Farming our way to a future more resilient to climate change

Sustainable Bites: Food and Our Future What can we do to help make our food systems more sustainable? UBC researchers share small steps that can make a big collective impact.  

Farmers do more than just produce food—they can help nurture local ecosystems. But farming also needs to become more resilient to changing weather patterns and other effects of climate change. Dr. Sean Smukler, Director of the Centre for Sustainable Food Systems at UBC Farm, explains how researchers are tackling these challenges. 

Did you know? 

  • 10 per cent of Canada’s contribution to global greenhouse gas emissions comes from agriculture food production.
  • Canada is one of the world’s largest food exporters.

What does it mean to say farmers are stewards of the global landscape as the climate changes? 

“We rely on farmers for many essential ecosystem services: clean water, clean air and the regulation of our climate,” explains Dr. Smukler. “They also provide habitat for much of global biodiversity. Recognizing that farmers are doing more than just producing food is critical.” 

He notes that farmers aren’t directly compensated for being good stewards of the earth. “Right now, we’re paying for our food at the grocery store or a restaurant, but we’re not necessarily paying for all these other services that the farmers provide us,” he says. Programs that pay farmers and ranchers for ecosystems services can help to fill that gap.  

What can farmers do to become more resilient to climate change? 

At UBC Farm, researchers from Dr. Smukler’s Faculty of Land and Food Systems lab are developing and testing strategies to help farmers adapt to the effects of climate change, such as rapidly changing weather patterns. They are also helping farmers reduce their impact on the climate; for example, by reducing greenhouse gas emissions and sequestering carbon in the soil.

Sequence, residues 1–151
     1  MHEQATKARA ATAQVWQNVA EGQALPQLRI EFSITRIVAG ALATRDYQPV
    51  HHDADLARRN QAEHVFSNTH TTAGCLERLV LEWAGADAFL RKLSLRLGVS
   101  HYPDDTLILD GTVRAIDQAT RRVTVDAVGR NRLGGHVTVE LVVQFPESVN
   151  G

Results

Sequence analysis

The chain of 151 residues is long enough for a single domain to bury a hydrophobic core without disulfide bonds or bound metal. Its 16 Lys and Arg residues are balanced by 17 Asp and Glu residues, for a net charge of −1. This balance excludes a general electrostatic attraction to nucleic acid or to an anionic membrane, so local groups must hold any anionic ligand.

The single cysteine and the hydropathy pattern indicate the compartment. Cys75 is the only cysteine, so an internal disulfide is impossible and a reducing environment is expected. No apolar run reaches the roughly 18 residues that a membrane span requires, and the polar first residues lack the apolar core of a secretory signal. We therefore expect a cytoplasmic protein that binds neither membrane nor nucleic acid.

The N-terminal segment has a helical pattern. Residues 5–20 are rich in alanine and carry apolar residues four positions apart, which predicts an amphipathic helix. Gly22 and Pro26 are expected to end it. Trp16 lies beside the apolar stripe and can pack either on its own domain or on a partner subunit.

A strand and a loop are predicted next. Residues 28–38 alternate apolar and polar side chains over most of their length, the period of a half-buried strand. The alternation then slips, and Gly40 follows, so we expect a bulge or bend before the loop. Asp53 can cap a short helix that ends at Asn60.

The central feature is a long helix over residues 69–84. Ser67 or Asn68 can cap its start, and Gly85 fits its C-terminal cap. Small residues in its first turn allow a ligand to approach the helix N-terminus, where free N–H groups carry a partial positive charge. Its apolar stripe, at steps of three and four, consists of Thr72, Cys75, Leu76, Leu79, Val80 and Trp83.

“We focus a lot on building soil,” says Dr. Smukler, “making sure that that soil is healthy and creating an efficient, effective farming system that’s beneficial to the farmer, the next generation and to the environment.” 

Headshot of Dr. Sean Smukler, Director of the Centre for Sustainable Food Systems at UBC Farm
The benefits of buying local go beyond what we eat, says Dr. Sean Smukler, Director of the Centre for Sustainable Food Systems at UBC Farm. Photo: UBC

How does buying local food affect our future security?  

Consumers need to make the connection between how local farming can help cultivate a regional food system, says Dr. Smukler.  “When consumers purchase food from places like California, we have very little control over how that food is produced, or the supports that go to those farmers,” he explains. “Building the local food system is not only good for our local economy, it also builds our local food security and resilience of the system as a whole.” 

While imported food may be less expensive, and producing food while stewarding the landscape may be more costly, the benefits of buying local go beyond what we eat. Dr. Smukler acknowledges, however, that higher-priced food impacts decisions of both consumers and farmers.  

That’s where policymaking comes in. “We really need to make sure that we are providing those incentives to farmers, that we are sharing in the cost of making sure that they’re stewarding the land in a way that’s beneficial for everybody.” 

This article was published on March 8, 2024. Feel free to share the video and republish the text of this article, but please follow our guidelines for attribution and seek any necessary permissions before doing so. Please note that images are not included in this blanket licence.

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